Dominik Wohlmuth joined the recycling and residual materials management team at the voestalpine site in Austria’s Donawitz as an environmental manager in 2018. It’s an ideal professional challenge for the chemist and fan of the great outdoors.
Technical chemistry graduates aren’t automatically recommended to follow a career in the field of environmental protection. But it was his thesis on lithium ion batteries in the automotive industry which gave Dominik Wohlmuth the final push to go in this direction. It first took the 32-year old Kapfenberg resident to the complaints and technical customer service department at Donawitz. And then, two and a half years later, into recycling and residual materials management. It happened like this:
New ideas for reusing residual materials
As the by-products of the steel production process include valuable materials, voestalpine has made great efforts in the field of operational environmental protection. A while ago, this led to the idea of developing alternative methods of reusing blast furnace slag and other by-products. That’s why the department for recycling and residual materials management was established in 2017. It was just the place for a man like Dominik Wohlmuth with his scientific expertise and pronounced environmental awareness. “I was asked, and immediately agreed. Because as an environmental manager I can apply my chemicals expertise in a field which I personally believe to be very important.”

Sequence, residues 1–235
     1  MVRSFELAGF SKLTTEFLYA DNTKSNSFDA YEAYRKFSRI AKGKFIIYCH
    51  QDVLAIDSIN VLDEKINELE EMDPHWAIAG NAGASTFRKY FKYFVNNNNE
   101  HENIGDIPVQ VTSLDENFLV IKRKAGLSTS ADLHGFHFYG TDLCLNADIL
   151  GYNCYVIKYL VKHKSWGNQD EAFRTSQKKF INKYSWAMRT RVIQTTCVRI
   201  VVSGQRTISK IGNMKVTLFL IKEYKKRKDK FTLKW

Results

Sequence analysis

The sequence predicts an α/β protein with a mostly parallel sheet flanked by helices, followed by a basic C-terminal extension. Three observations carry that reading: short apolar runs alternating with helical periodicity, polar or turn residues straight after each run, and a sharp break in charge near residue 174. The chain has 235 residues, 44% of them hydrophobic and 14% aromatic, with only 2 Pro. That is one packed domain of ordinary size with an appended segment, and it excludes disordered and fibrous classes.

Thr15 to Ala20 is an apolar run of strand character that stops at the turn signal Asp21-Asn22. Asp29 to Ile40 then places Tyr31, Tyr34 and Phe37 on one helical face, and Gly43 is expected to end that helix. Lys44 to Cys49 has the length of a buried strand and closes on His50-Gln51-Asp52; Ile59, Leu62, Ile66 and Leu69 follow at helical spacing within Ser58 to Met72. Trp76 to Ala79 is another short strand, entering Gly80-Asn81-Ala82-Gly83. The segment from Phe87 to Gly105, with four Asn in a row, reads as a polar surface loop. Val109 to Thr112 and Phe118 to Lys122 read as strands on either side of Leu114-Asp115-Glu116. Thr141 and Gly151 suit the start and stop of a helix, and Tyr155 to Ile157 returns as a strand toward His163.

“The job is certainly varied”
Since 2018 Dominik Wohlmuth has been one of the experts at voestalpine Stahl Donawitz GmbH who is playing a leading role in building up the department. The quantity of residual materials going to landfill fell in just the first few months of the department’s existence. “Work-ing as an environmental manager is truly fascinating because the work is so varied.” His duties include not only the operative management of the landfill site, but also research into alternative uses for residual materials, and developing sustainable production and recycling processes. “I’m also in regular contact with colleagues at the blast furnaces and in the steel plant where the residual materials are generated. That means my daily routines are never the same. And they certainly won’t be any less so in future!”
Operational environmental protection is becoming more important
For many years voestalpine has been an international steel industry pioneer when it comes to key issues such as the environmentally friendly use of resources and CO2 emissions. Even so, Dominik Wohlmuth expects that operational environment protection will become increasingly important within the Group.
"In future, both international environmental agreements as well as the voestalpine Group’s own environmental targets will demand even greater input from employees involved in corporate environmental responsibility. And for that reason their importance within the Group will also continue to rise."